One alternative explanation for our findings is that they reflect a positive self-report bias among participants in this study. Thus, that young adults may have had more positive subjective perceptions of their relationships and their educational or vocational experiences than those appraised externally. However, this was not fully supported by our finding of significant differences reported in adolescence. Alternatively, it may reflect evidence that global functioning scales may lack sensitivity in measuring or integrating psychosocial functioning [21, 43]. Our self-reported findings on interpersonal and educational/vocational difficulties may have therefore provided a more accurate indication of difficulties in these specific functioning domains. This is supported by evidence that self-reported measures of psychosocial functioning have been found to be both reliable and valid [22]. Further research using validated self-report measures of functioning would, however, be useful.

Additionally, although there has been growing evidence that early PEs may be a marker of functional deficits that cannot be fully explained by psychopathology, evidence has also suggested that the relationship between PEs and functioning may be affected by multiple additional factors that interact dynamically and synergistically. Young people with experiences of early adolescent PEs have also been found to be at increased risk for a range of later neurocognitive [44], interpersonal [45], attachment [35] and psychopathological [17, 18] difficulties. Each of these could also have effects on social, educational, vocational and interpersonal functioning. A combination of these factors is likely to have increased that risk further. Young people with PEs are also more likely to have had a history of childhood adversity and trauma [11,12,13,14], which are known to affect brain development [46], social functioning [47, 48], cognitive functioning [49, 50] and mental health generally [51]. Conversely, factors such as lower levels of adversity, higher self-esteem and spirituality have been found to be protective against poor outcomes, even among people who have persistent PEs [52]. The sample size of the current study precluded the examination of these potential mediators or moderators.

This study included full clinical interviews, consensus meetings to assess for PEs and a community-based sampling approach, which eliminated the risk for bias resulting from health-care seeking behaviour or snowball sampling. Limitations of the study include the small sample size, which increased the potential for type II error. The small sample size also precluded us from comparing transient with reoccurring or new onset PEs, which would have enhanced the study considerably. Furthermore, our classification of control and Transient PEs subgroups was based on data taken at two time points, approximately 10 years apart. Therefore, they have not accounted for any experiences of PEs that may have occurred in the interim time period. Additionally, we note that the SLES enquired about life events and functioning both currently and retrospectively, which potentially may have decreased the accuracy of some of the responses.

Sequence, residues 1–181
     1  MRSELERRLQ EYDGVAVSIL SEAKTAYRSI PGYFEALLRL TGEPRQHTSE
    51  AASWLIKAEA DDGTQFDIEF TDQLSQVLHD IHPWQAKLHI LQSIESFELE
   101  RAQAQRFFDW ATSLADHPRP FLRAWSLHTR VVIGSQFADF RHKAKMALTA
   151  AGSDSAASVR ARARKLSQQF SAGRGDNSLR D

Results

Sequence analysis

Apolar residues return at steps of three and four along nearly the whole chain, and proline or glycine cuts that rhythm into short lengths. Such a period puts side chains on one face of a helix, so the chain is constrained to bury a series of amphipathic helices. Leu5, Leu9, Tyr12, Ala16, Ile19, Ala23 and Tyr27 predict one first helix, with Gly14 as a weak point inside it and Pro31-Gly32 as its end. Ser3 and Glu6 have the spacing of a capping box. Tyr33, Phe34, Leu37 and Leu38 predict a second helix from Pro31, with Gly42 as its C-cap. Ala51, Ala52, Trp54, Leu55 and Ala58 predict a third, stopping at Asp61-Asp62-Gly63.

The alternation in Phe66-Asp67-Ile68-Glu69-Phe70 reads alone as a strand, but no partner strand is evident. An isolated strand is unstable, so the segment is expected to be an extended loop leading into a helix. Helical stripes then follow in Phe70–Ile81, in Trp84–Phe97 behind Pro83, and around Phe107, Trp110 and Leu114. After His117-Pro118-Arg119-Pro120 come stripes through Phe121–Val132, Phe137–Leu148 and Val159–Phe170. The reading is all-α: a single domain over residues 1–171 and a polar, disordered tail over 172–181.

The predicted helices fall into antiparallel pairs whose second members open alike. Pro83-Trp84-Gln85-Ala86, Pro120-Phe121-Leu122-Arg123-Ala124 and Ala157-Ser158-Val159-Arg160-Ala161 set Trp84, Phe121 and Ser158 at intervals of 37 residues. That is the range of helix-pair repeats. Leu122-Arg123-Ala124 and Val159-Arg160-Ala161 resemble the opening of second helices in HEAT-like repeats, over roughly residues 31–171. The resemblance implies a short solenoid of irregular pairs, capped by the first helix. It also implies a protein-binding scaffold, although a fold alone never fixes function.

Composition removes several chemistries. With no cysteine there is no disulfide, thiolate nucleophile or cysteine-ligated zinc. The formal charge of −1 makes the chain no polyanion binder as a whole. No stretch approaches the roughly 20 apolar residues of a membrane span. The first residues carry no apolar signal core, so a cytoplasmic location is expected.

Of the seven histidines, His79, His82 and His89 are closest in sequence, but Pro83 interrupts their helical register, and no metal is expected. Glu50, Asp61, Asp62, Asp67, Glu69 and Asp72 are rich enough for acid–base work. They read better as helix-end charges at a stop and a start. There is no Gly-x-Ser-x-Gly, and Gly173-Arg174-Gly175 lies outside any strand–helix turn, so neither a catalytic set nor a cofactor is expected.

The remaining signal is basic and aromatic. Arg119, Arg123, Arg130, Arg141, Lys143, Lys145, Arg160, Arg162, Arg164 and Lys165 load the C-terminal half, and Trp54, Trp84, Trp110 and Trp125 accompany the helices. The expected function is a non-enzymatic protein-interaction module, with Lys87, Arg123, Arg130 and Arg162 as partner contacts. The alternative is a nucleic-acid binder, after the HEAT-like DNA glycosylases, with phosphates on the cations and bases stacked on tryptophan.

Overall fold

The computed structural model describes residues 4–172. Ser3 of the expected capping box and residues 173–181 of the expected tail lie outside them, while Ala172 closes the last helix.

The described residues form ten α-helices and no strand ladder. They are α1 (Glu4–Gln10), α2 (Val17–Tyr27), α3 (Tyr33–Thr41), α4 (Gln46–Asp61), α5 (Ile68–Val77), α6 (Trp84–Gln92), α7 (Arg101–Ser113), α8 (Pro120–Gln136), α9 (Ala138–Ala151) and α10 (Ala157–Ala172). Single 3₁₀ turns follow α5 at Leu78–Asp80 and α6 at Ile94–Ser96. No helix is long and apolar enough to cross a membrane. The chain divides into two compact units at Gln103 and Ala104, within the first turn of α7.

Conclusions

This study provides new and encouraging evidence demonstrating that, while young people with a history of early but transient PEs reported higher levels of interpersonal and educational/vocational difficulties during their adolescent years, these difficulties may not persist into young adult years. In light of this, we tentatively propose that, on their own, transient PEs may not be a potent risk factor for longitudinal interpersonal and educational/vocational difficulties into the adult years. In the context of the known protective effects of secure attachment relationships, positive peer relationships, educational connection and achievement, trauma-, attachment- and resilience-focused interventions may therefore help to maximise positive outcomes for young people who report transient PEs.

Availability of data and materials

The datasets generated and/or analysed during the current study are not publicly available but full details on the study methods, measures, protocols and data can be made available by the corresponding author on reasonable request.

Abbreviations

GAF:

Global Assessment of Functioning

GAS:

Global Assessment Scale

K-SADS-PL:

Schedule for Affective Disorders and Schizophrenia in School-aged Children, Present and Lifetime Version

PEs:

Psychotic Experiences

PE group:

For this study, refers to individuals classified as having transient psychotic experiences, defined as having reported psychotic experiences at baseline but not at young adult follow-up

SES:

Socioeconomic Status

SCID:

Structured Clinical Interview for DSM-V

SDQ:

The Strength and Difficulties Questionnaire

SIPS:

Structured Interview for Prodromal Syndromes

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Acknowledgements

Not applicable.

Funding

MC2, CH and EC were supported by a European Research Council Consolidator Award to MC2 (iHEAR; Grant number 724809). HC was supported by a Health Research Board Fellowship (HPF-2015-974) and Science Foundation Ireland funding. MC1 was funded by a Health Research Board Health Research Award (HRA-PHR-2015-1130) and by an Irish Research Council Award (COALESCE/2019/61).